My name is Maria Shumusti, and I moved to Canberra from Mumbai, India in 2018, to pursue a Master of International Relations at The Australian National University.
I think one of the turning points of my time in Australia would be the day I tried vegemite for the first time and loved it. Besides brunching away in Canberra, I love reading, writing and am incredibly passionate about mental health issues amongst the culturally and linguistically diverse (CALD) community and students.
I am currently working in the humanitarian sector with the world’s largest humanitarian organisation- the United Nations World Food Programme (WFP), also the Laureate of the 2020 Nobel Peace Prize.
I am the Communications Officer of WFP’s Pacific Multi-Country Office based out of Suva, Fiji. We aim to improve the capacity of Pacific Island countries and territories to reduce the risk of, prepare for and respond to disasters with a view of building a resilient Pacific community, with a focus on partnerships and innovation.
I oversee the communications and media for WFP in the Pacific, and we are currently running the Donate Responsibly campaign that informs people about why during disasters, not all goodwill, does well and highlight effective and responsible ways to donate. With the Australian bushfires, a similar issue arose here locally where after a point, the donated goods were getting in the way of the disaster response.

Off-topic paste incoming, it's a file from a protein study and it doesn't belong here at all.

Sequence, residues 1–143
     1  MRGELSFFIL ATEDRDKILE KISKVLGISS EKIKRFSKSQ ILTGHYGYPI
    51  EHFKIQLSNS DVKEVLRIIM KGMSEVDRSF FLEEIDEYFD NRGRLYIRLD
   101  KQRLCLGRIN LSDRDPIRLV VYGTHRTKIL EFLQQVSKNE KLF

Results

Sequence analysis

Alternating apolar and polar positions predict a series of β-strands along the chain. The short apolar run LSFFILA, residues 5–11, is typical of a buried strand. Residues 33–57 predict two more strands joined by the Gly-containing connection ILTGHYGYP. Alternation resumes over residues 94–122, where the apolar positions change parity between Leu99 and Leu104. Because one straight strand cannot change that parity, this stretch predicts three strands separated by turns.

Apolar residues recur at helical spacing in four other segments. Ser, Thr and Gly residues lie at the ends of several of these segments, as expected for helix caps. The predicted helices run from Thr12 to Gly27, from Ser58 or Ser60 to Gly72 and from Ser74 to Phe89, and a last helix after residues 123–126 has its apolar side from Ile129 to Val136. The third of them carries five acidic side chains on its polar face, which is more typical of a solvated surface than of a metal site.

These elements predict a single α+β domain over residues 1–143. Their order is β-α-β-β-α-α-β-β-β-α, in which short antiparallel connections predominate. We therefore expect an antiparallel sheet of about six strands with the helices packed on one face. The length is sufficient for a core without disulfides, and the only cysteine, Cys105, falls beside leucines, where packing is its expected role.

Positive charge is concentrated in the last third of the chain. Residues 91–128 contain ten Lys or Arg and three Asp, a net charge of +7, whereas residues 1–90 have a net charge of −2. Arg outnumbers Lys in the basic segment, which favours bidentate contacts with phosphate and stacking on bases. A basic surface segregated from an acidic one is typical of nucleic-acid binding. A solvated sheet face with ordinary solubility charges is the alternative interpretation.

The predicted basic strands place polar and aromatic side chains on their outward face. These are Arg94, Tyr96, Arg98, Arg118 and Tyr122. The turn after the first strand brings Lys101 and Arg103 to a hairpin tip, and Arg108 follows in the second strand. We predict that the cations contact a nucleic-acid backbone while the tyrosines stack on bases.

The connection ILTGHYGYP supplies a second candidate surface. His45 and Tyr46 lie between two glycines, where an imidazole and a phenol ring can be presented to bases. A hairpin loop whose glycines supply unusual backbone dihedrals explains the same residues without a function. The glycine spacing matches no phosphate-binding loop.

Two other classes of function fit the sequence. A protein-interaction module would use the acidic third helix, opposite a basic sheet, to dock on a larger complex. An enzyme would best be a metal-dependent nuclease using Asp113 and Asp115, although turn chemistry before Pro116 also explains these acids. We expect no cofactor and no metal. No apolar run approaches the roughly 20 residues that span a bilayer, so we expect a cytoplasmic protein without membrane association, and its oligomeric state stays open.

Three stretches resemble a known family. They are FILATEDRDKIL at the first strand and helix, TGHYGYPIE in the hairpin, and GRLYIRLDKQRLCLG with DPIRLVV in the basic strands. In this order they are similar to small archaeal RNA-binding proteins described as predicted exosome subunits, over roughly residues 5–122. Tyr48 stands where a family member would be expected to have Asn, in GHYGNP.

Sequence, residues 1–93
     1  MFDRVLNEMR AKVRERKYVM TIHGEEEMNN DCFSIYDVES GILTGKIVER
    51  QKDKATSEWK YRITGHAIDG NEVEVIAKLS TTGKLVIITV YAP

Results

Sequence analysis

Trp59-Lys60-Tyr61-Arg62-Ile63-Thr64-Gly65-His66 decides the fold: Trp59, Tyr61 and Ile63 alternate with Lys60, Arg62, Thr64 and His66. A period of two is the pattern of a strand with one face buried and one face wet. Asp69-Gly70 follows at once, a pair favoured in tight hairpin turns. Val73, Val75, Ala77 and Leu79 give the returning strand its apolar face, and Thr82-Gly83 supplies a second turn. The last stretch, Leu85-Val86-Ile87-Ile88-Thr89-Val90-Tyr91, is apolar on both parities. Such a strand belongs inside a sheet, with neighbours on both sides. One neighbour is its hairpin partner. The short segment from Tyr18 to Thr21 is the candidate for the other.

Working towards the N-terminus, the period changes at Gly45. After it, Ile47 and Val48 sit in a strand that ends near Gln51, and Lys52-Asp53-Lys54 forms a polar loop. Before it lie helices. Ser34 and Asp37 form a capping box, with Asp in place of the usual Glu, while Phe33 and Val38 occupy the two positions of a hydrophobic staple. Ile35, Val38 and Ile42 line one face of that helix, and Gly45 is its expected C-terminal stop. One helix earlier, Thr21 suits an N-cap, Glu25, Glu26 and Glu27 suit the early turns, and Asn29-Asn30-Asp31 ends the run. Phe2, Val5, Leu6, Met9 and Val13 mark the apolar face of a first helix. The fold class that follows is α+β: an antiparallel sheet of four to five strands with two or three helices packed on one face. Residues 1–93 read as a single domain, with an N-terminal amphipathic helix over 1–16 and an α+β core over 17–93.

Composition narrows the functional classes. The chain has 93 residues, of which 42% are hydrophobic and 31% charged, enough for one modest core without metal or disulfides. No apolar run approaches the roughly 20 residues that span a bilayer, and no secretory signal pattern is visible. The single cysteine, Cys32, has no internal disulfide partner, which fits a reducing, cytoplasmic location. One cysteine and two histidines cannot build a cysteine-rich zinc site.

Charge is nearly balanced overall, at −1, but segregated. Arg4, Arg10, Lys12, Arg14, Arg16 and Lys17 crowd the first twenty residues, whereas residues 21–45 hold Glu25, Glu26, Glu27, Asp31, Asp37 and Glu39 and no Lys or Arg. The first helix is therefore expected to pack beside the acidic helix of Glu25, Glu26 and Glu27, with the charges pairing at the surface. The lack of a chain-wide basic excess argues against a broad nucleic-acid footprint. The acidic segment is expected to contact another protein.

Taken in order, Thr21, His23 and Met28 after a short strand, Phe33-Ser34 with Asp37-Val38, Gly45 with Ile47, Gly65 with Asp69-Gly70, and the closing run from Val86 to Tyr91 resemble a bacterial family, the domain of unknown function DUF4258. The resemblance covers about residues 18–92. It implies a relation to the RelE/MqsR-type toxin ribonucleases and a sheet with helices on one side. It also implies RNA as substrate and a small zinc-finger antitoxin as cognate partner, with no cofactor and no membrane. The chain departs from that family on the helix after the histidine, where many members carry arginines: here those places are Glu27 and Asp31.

I came to The Australian National University with a passion for international relations and hoped to work for a global organisation, but I wasn’t sure what I would do after graduating. Surprisingly, my first day as a student and my last day as a tutor at the Coral Bell School led me to apply for a job with WFP.
On day one of orientation for the Master of International Relations program, someone asked about the job prospects that came with the degree and the speaker mentioned many valuable routes. But what stuck with me was to ‘pick a humanitarian organisation that most aligned with your interests and values and to go for it’. I scribbled in my to-do diary, ‘World Food Programme - look for jobs.’
In 2020 and on the last day as a tutor for the Human Security course, Professor Bina D’Costa took me out for lunch. She asked me what topic I had enjoyed the most. It was food security and climate change. She said I should apply to the World Food Programme, and I did. It was a dream come true.